The Breadwinner reminded me of the tragedy of life in Afghanistan, which I admit I’ve forgotten. The animators capture the war-torn, bleak Afghani landscape. Though it’s an animated film, it’s not for children under 13. There are scenes of parents getting beaten by the Taliban, the imprisonment of a father, depiction of people missing limbs so it’s authentic and may be hard for young children to take in.

My only quibble with The Breadwinner is that I found the ending abrupt and left some questions in my mind. Nonetheless, I’m grateful for this recommendation and think it’s well worth watching.

Abraham’s Well

I just finished my friend, Sharon Ewell Foster’s Abraham’s Well: A Novel. Since I know Sharon and have enjoyed her books set in modern times, Ain’t No River and Ain’t No Valley this work of historical fiction was a departure. I can’t pretend that my review is unbiased so don’t say I didn’t warn readers.

The story reminds me of The Autobiography of Miss Jane Pittman as it consists of an elderly woman looking back on her life during a significant historical period. Armentia, the main character, is African American and Cherokee. She lives in the 19th (and I suppose early 20th century) experiencing tribal life, slavery, the removal of Cherokee and other native Americans during the Trail of Tears and eventually freedom. It’s the story of an imperfect character, rather than a superhero, finding strength and courage to surmount injustice and hardship. I’m a sucker for such stories.

For me historical fiction succeeds by teaching me and entertaining me and Abraham’s Well does both. Although I’ve read a little about the Trail of Tears and knew that some African American’s are part Native American, I had no knowledge of African American involvement in this chapter of American history. Sharon includes an explanation of why she decided to write about this topic and her family heritage as it relates to the themes of the novel. I found that quite interesting. I could see this making a good movie.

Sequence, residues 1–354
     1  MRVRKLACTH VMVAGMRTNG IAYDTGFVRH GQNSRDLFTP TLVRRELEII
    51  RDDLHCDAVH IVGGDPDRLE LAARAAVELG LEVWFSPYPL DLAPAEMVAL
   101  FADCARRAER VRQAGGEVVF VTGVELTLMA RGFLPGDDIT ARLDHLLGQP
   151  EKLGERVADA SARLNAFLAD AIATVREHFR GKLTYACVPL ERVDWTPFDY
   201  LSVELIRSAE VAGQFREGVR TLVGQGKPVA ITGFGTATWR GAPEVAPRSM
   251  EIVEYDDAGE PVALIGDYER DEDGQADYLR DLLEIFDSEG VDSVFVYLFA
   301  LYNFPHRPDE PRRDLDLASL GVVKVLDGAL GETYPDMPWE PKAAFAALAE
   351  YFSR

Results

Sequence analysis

The book reads very fast, as Bridget points out. Bridget’s also right about the chapters on the preaching but there’s probably less church-going in this story than the others I’ve read so I had a different view of that aspect. I didn’t mind it. I realize that Sharon’s fans will be looking for Christian fiction when they decide to read this novel.

Election Judge, 2018

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Monday night I met my team of election judges when we set up the polling place. I was lucky to get a good team of congenial organized peers. Of the five, four of us had experience and the one newbie was cooperative and on the ball. Some polling places had no one with experience. That’s tough because there are details not covered in training that help things move along smoothly. For example, since we have to account for every ballot, used and not, one judge knew to tell us to count the ballots in each package we opened. There should be 50, but often there were 49 or 48. At the end of the night if you thought there were 50, your count would be off.

Getting up at 4 am is never my idea of fun, but all the judges do so. Some if they live far from their assigned location was up earlier. Forgive me for tooting my own horn, but thousands of citizens do so so others can vote before work. In Illinois polls open at 6 and it takes an hour to do the Election Day prep.

There’s a lot of clerical work to get right and I’d say we did a fine job. It was satisfying to get all the thank you’s we received. Americans, by and large, are a grateful people. It sure helps to hear that “Thank you” when you’re trying to do your work or putting a bandage on your fifth paper cut.

I enjoy seeing all the people who bring their kids to the polls to show toddlers or teens how the system works. One woman brought the ten kids in her at-home day care to the polls. At that time we had about 5 other kids under age 5 in the cosy field house that served as a polling place. That was a surprise. It worked and no one complained about the squealing kids so I have to say our voters are able to do their civic duty without complaining about noise that just comes with sharing a public space.

I was happy about the many first time voters. Usually, they weren’t young, but were just compelled by a family member to do their part.

We’ll get more analysis, perhaps too much, in the days ahead. Some races you’re probably happy with and others you aren’t but I’m happy that we get to go through this process. That’s not to say, I don’t welcome a respite from campaign ads, I suppose we all are.